Reading "Orwell's Roses" by Rebecca Solnit

Happy New Year's Eve!

So, one of my resolutions for 2023 is that I want to do more non-escapist reading.

Why? And what had I been reading??

For the last three years I've been reading a lot of trashy books. Unless it was for work (biology/bioinformatics papers) or random infovore articles that I found online, I've read almost nothing but mystery novels, romance novels, and LitRPG. (Don't judge, it's been a weird three years. ;)

Now, LitRPG is all well and good (He Who Fights with Monsters is super fun!) and I had plenty of reasons to escape, but I was avoiding anything requiring an attention span, and my stack of Good But Serious Books was piling up. Every now and then I'd get a chance to read something more serious and I'd remember how much fun it was to read something that was well written and meaningful and horizon-expanding, but soon enough my attention span would lapse and I'd be back to reading LitRPG at 9pm at night.

SO.

Sometime in the last year, I picked up Orwell's Roses at our local bookstore, Avid Reader. I had been introduced to Rebecca Solnit's writing through her amazing book A Paradise Built in Hell: The Extraordinary Communities That Arise in Disaster, which Tracy Teal had recommended to me. While I hadn't (haven't yet!) finished that book, the parts that I had read were amazing. Sometime in 2022 I started following @RebeccaSolnit on Twitter, perhaps because I saw her retweeted by Malka Older (@m_older), and I found Solnit's tweets and articles inspirational. And through her tweets I found her book Hope In the Dark: Untold Histories, Wild Possibilities. That, in turn, became my end-of-quarter reading for December (and maybe more on that book later!)

This is all to say that for about a year, Orwell's Roses had been staring at me from my bookshelf. With its bright red cover, it's a distinctive book. Moreover, I've been a huge fan of Orwell's writing ever since reading Down and Out in Paris and London in my teens, and several scenes from that book remain burned into my memory. And so I decided that Orwell's Roses would be my next book to read!

What's "Orwell's Roses" about?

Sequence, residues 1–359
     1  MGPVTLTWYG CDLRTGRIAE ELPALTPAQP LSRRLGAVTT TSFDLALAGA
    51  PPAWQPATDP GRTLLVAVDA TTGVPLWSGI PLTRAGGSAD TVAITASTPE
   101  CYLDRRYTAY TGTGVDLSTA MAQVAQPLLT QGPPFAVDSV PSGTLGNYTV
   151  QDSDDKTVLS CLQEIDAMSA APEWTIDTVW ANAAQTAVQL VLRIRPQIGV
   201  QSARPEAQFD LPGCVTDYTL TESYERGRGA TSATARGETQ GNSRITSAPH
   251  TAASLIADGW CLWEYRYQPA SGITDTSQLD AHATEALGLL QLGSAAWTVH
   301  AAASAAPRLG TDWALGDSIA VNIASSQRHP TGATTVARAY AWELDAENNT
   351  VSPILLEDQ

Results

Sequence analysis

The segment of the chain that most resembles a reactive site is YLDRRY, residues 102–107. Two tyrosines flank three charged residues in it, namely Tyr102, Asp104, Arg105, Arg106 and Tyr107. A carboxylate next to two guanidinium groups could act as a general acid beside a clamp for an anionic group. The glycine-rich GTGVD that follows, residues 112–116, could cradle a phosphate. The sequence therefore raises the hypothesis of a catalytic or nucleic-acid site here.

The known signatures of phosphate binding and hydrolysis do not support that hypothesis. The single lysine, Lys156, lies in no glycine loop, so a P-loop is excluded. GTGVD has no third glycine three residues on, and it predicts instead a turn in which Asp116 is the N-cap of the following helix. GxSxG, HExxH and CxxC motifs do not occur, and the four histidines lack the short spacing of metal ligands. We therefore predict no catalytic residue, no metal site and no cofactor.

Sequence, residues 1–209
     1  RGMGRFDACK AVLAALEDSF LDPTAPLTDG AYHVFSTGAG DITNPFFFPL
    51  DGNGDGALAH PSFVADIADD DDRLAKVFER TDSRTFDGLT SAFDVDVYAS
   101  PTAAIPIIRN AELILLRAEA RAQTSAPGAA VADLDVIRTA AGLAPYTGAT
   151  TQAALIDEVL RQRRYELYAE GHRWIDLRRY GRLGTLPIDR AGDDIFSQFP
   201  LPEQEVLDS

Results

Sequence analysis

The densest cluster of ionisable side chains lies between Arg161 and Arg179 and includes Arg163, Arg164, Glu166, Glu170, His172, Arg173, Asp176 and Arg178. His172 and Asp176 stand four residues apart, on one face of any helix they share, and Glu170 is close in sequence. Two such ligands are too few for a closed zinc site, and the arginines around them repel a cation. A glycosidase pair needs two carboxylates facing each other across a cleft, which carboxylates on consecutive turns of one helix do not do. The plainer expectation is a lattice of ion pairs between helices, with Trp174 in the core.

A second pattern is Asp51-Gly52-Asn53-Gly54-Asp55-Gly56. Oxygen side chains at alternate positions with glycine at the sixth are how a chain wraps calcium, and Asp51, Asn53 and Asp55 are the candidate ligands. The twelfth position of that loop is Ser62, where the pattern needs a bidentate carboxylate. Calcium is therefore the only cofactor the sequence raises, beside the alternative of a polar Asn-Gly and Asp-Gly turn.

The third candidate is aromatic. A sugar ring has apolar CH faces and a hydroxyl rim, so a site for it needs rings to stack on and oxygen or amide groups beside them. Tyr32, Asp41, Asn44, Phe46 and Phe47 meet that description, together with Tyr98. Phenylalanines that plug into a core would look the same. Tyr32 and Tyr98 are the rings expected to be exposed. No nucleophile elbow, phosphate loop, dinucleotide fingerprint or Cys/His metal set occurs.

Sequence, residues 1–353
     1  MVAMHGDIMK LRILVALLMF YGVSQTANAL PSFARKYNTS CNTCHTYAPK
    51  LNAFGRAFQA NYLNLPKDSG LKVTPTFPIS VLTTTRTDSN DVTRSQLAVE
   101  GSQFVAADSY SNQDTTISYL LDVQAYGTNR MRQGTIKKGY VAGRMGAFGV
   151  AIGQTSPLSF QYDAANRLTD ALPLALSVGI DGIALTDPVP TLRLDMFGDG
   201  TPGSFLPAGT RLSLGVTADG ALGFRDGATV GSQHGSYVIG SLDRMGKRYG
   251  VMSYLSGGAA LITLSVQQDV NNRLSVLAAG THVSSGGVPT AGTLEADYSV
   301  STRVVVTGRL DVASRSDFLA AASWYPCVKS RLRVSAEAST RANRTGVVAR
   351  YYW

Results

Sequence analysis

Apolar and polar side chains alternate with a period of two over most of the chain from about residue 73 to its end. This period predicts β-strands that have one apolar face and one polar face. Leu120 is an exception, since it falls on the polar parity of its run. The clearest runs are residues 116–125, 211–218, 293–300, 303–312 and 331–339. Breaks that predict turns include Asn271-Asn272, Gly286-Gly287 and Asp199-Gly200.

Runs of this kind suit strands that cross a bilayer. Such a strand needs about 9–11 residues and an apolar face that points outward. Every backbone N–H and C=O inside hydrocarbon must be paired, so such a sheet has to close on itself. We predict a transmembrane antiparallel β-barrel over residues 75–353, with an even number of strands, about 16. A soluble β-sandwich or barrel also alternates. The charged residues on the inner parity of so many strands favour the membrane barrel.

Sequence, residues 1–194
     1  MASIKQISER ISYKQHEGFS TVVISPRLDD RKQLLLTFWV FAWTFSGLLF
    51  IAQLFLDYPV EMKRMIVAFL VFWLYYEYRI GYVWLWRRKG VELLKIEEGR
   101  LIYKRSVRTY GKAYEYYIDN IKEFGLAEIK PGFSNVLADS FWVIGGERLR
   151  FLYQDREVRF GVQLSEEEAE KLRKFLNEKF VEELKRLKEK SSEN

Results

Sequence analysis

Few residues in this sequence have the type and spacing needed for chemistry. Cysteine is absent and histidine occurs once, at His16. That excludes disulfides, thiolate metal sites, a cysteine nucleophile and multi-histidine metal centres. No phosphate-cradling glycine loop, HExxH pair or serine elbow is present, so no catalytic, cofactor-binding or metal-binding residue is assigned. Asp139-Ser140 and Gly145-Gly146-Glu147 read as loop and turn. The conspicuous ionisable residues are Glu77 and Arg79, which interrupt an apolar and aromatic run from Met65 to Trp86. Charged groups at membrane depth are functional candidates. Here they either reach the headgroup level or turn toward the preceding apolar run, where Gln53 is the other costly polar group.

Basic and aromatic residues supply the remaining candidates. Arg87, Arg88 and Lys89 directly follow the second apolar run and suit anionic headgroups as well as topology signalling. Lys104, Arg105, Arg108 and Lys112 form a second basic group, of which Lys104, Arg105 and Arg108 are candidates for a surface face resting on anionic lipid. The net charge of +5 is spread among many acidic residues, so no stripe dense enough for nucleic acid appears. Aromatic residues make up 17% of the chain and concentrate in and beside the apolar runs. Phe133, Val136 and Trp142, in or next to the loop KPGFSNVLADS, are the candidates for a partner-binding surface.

It's a lovely, meandering tale about Orwell's life and beliefs, and how his politics intersected with his love of gardening and farming. Along the way we are treated to extended (and very relevant!) digressions into other intersecting stories. It's kind of a biography, but also a partial history of certain kinds of thinking.

Two particular themes caught me the most. One was the discussion of "Bread and Roses", a political slogan linked to women's suffrage. The "bread" here refers to the basic needs of sustenance - food, water, housing, and the like. The "roses" refers to something a bit more indefinite - the freedom to pursue an independent life of the mind, whether it be art, music, literature, or something else. I can't possibly do justice to the discussion of this in the book, other than to say that the theme of "Bread for all, and Roses too" resonates in this age of COVID, r/antiwork, and union organizing.

The other theme that caught me is that of locality vs uniformity, or community vs systems, or bottom-up vs top-down. This is maybe a bit more entwined with my personal interests, and richer in my mind and hence harder to explain -- but it is also a theme that is guiding a lot of my reading choices, so I expect to get lots of practice thinking and maybe writing about it!

In brief, Solnit describes how Orwell took great pleasure in the particulars of gardening and farming, and grounded himself in the daily routines of his life. Solnit does a lovely job of connecting this to Orwell's writing, and talked about how taking joy in both productive and "non-productive" tasks (such as planting roses!) is an important and small-scale rebellion against the cult of productivity and grind that capitalism has instilled in our modern life. There were strong resonances with the book Seeing Like a State: How Certain Schemes to Improve the Human Condition Have Failed, as well as the "chickenization" theme of gig working introduced to me by Cory Doctorow. (In my imagination, Solnit and Doctorow have very productive regular chats over coffee. They live in the same city, I think, so it's a possibility, right? Oh to be a fly on the wall!)

I don't really have a conclusion here, other than that Orwell's Roses was a very rewarding read that made me think, and think differently. And it was a great book to break my fast on!

What book is next?

I'm planning to start on a new book today. I'm currently being eyed by Braiding Sweetgrass: Indigenous Wisdom, Scientific Knowledge and the Teachings of Plants, by Robin Wall Kimmerer, which has been sitting on my shelf for almost a year... it looks like a thick book, but I'll just take it 30 minutes at a time and we'll see how it goes!

--titus

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